A petroglyph (/ˈpɛtrəɡlɪf/ or /ˈpɛtroʊɡlɪf/) is an image created by removing part of a rock surface by incising, picking, carving, or abrading, as a form of rock art. Outside North America, scholars often use terms such as “carving”, “engraving”, or other descriptions of the technique to refer to such images. Petroglyphs are found worldwide, and are often associated with prehistoric peoples. The word comes from the Greek prefix petro-, from πέτρα petra meaning “stone”, and γλύφω glýphō meaning “carve”, and was originally coined in French as pétroglyphe.

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All of the designs were taken from real petroglyphs and runes.  All of them were made by hand in 2020 by one of our board members. The flagstones were part of a deconstructed patio/sidewalk that was dumped at the dam site. A local 501c3 cleaned up the dumped load, and instead of sending the flagstone pieces to the dump, it was decided that it would be put to use to help us raise money for the visitor’s center at the St. Francis Dam site. The idea to make the faux petroglyphs and runes was hatched.  Because these are recycled chunks of flagstone, there may be some cement noticeable on the piece, stains, or other stuff that may have dropped upon it when it was a patio.  Note: We cannot tell you where the real petroglyphs are located.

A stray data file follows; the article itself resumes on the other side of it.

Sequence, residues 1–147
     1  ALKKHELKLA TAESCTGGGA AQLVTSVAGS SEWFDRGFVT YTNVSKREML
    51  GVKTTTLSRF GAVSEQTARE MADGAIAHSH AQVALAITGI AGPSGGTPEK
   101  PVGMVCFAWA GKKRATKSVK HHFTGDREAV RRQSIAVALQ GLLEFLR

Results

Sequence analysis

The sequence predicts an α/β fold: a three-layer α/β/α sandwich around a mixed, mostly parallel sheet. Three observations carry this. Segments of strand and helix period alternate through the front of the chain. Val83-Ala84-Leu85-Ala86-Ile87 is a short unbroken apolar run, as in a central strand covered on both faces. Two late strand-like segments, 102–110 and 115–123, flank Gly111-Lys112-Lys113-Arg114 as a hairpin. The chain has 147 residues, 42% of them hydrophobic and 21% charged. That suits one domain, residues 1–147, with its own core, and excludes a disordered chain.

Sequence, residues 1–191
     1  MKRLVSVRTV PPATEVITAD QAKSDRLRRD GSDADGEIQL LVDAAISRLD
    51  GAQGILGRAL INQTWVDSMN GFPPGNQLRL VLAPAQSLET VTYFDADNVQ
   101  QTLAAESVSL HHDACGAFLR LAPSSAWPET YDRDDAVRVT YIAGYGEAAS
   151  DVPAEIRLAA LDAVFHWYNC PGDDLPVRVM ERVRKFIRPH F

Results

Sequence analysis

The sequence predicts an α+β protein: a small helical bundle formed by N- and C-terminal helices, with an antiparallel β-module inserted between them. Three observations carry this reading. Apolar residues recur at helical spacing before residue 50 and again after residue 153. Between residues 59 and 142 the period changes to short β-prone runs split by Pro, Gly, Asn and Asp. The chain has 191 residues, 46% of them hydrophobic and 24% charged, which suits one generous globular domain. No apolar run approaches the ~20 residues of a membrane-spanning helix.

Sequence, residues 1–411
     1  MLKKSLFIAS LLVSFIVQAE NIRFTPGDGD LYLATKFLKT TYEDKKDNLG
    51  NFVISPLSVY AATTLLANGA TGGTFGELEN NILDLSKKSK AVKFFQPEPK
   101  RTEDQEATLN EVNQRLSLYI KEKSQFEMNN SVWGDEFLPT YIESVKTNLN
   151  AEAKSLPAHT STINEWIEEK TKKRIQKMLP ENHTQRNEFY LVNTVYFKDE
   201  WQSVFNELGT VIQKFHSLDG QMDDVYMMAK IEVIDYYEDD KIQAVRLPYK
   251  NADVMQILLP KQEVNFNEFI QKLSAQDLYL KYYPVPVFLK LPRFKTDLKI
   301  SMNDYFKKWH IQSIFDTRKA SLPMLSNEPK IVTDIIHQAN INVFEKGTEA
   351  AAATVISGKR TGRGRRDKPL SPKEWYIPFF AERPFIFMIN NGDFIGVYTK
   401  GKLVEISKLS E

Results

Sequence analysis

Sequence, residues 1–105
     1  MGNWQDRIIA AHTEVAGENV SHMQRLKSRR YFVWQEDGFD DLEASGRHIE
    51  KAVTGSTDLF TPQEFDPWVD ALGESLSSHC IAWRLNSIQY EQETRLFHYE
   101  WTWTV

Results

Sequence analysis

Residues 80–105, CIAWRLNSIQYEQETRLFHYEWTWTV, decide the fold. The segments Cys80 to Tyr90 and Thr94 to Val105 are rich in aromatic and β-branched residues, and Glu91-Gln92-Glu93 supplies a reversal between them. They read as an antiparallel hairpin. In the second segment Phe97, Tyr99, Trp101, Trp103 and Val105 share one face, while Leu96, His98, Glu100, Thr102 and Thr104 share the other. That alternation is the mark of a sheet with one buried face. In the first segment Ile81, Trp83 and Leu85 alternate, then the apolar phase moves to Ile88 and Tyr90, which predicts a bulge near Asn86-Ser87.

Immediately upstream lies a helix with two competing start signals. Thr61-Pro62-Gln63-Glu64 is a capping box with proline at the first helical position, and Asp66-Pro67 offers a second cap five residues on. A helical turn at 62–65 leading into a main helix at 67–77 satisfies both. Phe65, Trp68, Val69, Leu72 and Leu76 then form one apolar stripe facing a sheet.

Additional information

Weight 2.026 lbs
Dimensions 6.5 × 4.5 × 1.5 in


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